Richland County Mental Health Local Advisory Council (LAC)
The Richland County Mental Health Local Advisory Council (LAC) is leading Eastern Montana in a movement toward reducing the stigma of mental and emotional help through Mental Health First Aid Training. Mental Health First Aid is a 12-hour program that teaches individuals how to identify and respond to the early signs and symptoms of emotional distress and improves mental health literacy.
Richland County has a high incidence of suicide and “not good” mental health, and has limited drug- and alcohol-free options for stress relief. We have an increasing population with broad and multifaceted needs and a limited capacity to treat patients. Our population is affected by a “cowboy” mentality—a deeply ingrained sense of self-sufficiency—and those who may be affected by depression, anxiety, mental disorders, or drug or alcohol addiction are wary about seeking help or discussing their concerns even with family and friends. The LAC believes that by starting the conversation about mental health with the community and through education about mental health conditions and treatments we can significantly reduce the stigma surrounding these issues.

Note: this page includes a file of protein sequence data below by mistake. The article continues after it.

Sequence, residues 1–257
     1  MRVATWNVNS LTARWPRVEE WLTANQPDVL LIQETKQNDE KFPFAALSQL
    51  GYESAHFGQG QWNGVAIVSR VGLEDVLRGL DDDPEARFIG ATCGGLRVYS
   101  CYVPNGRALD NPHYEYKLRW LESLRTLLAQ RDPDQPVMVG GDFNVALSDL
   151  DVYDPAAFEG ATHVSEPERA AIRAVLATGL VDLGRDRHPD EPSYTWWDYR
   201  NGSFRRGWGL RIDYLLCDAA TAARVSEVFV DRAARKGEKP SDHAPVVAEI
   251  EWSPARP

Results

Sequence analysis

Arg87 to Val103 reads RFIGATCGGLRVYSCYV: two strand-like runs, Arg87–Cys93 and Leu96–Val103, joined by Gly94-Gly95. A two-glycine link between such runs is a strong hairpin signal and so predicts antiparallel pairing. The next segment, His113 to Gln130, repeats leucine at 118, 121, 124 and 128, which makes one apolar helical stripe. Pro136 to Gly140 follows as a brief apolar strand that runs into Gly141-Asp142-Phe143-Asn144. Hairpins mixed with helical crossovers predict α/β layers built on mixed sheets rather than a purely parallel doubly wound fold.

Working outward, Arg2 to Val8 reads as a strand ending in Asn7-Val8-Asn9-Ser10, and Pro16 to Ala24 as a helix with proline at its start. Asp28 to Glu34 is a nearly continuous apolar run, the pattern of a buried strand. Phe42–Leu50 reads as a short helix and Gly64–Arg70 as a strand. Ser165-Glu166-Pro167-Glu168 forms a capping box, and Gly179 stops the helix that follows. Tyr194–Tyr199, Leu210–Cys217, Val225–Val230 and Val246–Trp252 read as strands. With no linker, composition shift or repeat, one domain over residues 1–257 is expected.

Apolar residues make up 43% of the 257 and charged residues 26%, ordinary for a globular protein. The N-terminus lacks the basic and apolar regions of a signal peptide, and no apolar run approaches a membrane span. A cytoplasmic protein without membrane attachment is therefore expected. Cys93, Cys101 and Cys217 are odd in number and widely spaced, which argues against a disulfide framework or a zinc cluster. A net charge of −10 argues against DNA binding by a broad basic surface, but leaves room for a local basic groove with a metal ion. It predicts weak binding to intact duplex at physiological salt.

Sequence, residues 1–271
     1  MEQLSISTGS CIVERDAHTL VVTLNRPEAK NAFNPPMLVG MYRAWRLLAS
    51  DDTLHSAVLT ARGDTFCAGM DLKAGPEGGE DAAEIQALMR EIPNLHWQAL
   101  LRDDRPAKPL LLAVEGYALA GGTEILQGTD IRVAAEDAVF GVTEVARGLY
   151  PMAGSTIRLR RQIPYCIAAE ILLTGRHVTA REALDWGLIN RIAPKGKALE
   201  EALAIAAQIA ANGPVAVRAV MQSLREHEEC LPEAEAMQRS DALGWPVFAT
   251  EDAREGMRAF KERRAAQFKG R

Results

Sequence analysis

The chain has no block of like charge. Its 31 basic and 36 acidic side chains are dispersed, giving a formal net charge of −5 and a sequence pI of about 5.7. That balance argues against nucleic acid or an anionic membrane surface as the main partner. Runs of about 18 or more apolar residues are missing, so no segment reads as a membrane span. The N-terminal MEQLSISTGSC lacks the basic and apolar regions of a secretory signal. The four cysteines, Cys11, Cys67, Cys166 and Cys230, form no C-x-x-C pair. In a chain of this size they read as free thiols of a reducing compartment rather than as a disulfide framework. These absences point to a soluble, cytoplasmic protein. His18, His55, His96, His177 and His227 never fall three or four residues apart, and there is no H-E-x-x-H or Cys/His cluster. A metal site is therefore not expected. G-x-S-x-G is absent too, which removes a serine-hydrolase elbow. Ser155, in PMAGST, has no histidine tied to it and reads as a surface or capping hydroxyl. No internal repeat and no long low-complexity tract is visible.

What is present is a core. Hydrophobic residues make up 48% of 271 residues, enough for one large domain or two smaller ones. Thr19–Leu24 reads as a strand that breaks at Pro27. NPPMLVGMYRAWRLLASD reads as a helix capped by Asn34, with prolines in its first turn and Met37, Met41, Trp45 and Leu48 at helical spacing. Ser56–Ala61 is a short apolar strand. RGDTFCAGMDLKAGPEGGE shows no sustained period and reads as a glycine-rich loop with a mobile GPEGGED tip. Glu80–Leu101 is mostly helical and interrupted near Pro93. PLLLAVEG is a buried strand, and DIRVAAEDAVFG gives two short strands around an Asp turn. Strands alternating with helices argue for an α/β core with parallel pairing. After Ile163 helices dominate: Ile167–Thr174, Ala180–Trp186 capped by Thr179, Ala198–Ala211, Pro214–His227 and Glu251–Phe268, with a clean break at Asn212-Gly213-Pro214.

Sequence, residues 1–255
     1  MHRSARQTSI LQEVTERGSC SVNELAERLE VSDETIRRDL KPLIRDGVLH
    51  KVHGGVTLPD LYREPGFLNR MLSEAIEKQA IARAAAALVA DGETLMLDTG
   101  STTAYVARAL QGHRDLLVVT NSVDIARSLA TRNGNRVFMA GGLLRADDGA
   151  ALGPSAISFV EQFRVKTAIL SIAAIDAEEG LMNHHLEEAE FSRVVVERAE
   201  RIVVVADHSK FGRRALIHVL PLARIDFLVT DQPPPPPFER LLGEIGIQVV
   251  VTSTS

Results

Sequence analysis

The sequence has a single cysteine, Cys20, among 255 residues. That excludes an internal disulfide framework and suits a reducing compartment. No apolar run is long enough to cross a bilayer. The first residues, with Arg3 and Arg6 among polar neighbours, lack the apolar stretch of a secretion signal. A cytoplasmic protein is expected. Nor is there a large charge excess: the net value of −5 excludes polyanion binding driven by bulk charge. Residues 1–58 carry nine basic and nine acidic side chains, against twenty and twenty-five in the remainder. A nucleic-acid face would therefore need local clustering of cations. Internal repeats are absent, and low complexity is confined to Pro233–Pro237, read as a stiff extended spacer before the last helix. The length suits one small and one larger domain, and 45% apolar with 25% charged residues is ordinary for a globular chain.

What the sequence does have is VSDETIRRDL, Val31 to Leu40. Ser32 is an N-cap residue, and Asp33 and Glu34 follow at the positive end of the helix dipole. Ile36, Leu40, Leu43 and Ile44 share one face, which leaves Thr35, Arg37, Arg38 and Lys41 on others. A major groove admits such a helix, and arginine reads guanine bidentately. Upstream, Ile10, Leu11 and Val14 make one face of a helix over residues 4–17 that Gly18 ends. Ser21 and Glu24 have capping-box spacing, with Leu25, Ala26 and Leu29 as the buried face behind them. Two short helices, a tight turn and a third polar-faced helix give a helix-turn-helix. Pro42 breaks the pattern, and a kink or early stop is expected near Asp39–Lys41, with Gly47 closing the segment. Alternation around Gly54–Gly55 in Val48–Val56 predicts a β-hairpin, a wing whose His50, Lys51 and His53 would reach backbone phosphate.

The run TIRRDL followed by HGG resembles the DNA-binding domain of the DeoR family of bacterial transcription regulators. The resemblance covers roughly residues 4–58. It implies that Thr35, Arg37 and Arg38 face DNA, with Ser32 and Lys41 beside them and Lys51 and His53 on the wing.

The LAC received grant funding from the Eastern Service Area Authority Fund to put on several sessions of Mental Health First Aid. A target population who had consistent contact with those who may be at risk for emotional distress or mental illness was identified. This included hairstylists and salon workers, teachers, bartenders, oil field service workers, waitresses, social workers, law enforcement, emergency medical service workers, and hospital staff. Handwritten letters invited participants to one of three Mental Health First Aid sessions taught by a certified instructor.
The LAC has helped to train nearly 100 community members in Mental Health First Aid in Richland County and surrounding areas in Eastern Montana. Participants evaluated each training, noting that learning ways to communicate with those in emotional distress and learning methods of nonjudgmental listening were particularly important techniques garnered from this training. Participants felt appropriately equipped to help others with emotional distress and referral to treatment after completing the course.
Although Mental Health First Aid participants have used training techniques in various areas of our community, the most meaningful use was when trained individuals were called as first responders to help students with grief shortly after the murder of a beloved teacher and community member in January 2012.
Richland County Health Department
1201 West Holly St., Suite 1
Sidney, MT 59270